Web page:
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Marc Maron (#110 of 2)

Louie‘s Big Stakes

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<em>Louie</em>‘s Big Stakes
<em>Louie</em>‘s Big Stakes

Real creative success is something that has to be won. It isn’t a ribbon you get for having just enough noble intent in your heart. If you followed the third season of FX’s Louie, you’ll know that comedian Louis C.K. passed noble intent a long time ago.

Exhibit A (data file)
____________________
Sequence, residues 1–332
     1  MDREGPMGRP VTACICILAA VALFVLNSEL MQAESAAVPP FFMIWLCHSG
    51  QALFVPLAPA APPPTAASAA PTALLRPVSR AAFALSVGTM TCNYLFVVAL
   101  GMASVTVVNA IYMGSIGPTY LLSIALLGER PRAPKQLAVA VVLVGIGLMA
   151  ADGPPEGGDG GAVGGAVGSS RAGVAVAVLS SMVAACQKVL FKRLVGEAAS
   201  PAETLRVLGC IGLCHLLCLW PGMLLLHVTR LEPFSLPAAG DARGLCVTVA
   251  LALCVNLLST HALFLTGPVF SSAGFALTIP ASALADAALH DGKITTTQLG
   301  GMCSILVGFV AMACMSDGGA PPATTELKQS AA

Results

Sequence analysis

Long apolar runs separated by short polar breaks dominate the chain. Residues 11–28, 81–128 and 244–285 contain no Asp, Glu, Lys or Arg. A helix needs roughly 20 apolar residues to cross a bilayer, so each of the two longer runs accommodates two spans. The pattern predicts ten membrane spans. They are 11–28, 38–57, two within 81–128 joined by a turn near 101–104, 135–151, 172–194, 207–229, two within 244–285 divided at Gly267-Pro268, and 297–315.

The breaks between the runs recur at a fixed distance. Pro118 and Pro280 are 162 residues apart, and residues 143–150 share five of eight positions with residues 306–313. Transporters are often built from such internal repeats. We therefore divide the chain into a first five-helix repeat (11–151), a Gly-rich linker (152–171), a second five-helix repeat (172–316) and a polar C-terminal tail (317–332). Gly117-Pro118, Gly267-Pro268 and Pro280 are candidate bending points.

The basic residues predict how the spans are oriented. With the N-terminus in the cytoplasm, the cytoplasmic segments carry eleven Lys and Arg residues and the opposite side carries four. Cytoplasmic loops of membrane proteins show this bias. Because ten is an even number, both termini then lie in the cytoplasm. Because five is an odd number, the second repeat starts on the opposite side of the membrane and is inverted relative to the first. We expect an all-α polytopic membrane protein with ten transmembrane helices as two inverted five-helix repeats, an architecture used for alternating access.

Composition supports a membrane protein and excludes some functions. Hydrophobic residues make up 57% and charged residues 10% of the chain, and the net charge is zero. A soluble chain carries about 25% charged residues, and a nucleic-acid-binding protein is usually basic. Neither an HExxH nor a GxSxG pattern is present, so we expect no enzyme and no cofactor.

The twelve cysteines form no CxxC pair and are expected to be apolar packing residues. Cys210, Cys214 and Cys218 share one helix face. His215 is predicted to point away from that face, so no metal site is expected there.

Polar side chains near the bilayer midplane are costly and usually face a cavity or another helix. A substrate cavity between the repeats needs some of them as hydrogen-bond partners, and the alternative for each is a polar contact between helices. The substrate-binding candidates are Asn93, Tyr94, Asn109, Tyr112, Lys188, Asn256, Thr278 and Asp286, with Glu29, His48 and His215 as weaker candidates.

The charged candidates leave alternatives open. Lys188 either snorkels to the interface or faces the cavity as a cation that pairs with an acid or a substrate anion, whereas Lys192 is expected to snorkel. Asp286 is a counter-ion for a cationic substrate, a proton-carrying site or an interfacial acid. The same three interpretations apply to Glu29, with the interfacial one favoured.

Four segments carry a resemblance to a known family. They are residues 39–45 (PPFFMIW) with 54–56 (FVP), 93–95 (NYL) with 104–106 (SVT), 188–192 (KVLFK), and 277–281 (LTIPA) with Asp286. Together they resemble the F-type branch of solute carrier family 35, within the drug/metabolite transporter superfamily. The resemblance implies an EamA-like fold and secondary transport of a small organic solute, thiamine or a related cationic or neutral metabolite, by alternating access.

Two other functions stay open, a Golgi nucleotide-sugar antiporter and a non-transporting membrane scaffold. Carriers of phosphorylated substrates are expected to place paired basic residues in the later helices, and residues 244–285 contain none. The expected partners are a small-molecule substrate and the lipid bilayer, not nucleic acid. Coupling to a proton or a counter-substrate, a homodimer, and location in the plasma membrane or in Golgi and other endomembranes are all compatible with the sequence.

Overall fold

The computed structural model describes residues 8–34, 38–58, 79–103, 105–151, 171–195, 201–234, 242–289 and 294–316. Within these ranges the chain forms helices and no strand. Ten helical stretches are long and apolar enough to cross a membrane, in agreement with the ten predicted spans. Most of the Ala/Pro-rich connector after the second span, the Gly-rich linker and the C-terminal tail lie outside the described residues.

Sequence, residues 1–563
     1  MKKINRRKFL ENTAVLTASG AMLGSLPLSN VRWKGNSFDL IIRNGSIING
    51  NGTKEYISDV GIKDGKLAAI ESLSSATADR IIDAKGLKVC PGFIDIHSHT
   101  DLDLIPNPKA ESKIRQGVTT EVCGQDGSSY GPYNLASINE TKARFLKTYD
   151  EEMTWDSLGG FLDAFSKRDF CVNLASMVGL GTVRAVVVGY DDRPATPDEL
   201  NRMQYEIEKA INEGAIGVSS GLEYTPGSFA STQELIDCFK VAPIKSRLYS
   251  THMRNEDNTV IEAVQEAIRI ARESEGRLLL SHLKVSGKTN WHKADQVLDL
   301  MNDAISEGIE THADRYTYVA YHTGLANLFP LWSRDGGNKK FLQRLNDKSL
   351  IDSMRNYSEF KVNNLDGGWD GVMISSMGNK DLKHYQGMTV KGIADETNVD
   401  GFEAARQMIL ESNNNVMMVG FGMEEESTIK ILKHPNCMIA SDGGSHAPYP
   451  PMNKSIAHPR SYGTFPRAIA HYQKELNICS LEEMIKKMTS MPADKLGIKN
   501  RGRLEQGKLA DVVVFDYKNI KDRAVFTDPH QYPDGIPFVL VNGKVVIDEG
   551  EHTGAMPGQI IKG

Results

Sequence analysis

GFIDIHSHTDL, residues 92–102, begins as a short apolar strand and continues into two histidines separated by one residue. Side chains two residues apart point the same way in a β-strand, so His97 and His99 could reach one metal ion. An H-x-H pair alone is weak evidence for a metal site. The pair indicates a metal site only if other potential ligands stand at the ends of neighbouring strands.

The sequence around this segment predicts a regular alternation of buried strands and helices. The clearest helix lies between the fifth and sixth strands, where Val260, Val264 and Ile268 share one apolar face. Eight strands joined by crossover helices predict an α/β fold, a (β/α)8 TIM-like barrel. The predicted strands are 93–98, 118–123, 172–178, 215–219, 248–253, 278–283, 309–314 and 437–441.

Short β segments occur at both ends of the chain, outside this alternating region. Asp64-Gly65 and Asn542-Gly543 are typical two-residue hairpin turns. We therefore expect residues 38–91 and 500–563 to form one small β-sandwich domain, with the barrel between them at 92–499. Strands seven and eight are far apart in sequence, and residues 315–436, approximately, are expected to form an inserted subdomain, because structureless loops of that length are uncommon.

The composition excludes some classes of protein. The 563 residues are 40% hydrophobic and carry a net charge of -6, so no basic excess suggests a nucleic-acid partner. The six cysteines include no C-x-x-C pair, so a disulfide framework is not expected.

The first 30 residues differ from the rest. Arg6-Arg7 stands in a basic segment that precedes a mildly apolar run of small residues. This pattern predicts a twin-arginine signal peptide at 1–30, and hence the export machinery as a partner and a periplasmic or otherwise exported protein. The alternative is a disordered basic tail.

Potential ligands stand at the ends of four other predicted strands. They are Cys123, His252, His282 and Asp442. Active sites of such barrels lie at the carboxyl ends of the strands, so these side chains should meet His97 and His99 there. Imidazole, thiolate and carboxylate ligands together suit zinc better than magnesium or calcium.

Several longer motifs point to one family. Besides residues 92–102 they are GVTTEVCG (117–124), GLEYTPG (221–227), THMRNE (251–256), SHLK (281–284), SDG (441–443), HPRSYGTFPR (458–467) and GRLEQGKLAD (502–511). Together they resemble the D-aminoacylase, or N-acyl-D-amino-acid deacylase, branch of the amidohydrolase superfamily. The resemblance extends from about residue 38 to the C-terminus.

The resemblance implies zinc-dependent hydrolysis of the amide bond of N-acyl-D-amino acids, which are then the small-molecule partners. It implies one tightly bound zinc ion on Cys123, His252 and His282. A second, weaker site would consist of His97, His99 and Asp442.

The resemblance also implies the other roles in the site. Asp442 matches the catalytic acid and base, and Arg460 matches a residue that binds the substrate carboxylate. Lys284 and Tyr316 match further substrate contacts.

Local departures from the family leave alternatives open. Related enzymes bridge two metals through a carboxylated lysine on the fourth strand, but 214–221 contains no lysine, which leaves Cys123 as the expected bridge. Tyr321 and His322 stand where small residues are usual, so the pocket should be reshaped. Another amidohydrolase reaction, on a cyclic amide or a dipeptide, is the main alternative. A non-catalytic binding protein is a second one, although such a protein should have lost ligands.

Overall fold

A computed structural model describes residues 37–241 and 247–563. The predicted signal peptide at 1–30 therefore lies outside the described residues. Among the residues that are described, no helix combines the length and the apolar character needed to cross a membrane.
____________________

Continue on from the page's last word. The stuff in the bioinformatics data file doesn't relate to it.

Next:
After two seasons of steady brilliance, season three of Louie continued to tread some fantastic dimension where a half-hour television comedy is about real discovery. The stand-up bits about uncomfortable blowjobs and the theoretical upside to pedophilia would never fly on a network show, but you remember the jokes more for their perspective than their lewdness. You can watch Louie and be struck with the sense that its artful handling of moral struggles and carnal impulses requires some deep philosophical reflection. At its best, though, the line between C.K.’s visceral humor and his brooding is hard to define. It’s not always obvious what you’re laughing about, but you do laugh.